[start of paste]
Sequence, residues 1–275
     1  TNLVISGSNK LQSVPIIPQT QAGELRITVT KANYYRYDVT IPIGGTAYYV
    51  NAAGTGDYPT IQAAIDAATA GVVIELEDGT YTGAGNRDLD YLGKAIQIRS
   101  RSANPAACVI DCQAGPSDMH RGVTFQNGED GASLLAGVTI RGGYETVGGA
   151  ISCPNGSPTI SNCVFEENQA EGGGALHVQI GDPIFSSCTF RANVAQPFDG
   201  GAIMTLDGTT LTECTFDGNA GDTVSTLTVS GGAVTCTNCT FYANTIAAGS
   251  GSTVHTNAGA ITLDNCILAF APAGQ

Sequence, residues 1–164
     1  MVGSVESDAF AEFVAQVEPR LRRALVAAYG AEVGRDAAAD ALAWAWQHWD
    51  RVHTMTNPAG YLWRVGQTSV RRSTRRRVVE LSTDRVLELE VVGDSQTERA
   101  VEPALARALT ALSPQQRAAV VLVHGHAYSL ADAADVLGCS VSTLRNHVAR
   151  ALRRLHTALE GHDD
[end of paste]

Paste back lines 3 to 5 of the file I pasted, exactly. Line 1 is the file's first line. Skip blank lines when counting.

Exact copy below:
    51  NAAGTGDYPT IQAAIDAATA GVVIELEDGT YTGAGNRDLD YLGKAIQIRS
   101  RSANPAACVI DCQAGPSDMH RGVTFQNGED GASLLAGVTI RGGYETVGGA
   151  ISCPNGSPTI SNCVFEENQA EGGGALHVQI GDPIFSSCTF RANVAQPFDG